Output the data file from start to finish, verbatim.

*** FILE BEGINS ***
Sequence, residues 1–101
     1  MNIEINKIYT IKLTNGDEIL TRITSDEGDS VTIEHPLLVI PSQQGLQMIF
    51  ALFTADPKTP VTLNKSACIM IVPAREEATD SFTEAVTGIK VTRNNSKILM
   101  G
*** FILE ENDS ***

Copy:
Sequence, residues 1–101
     1  MNIEINKIYT IKLTNGDEIL TRITSDEGDS VTIEHPLLVI PSQQGLQMIF
    51  ALFTADPKTP VTLNKSACIM IVPAREEATD SFTEAVTGIK VTRNNSKILM
   101  G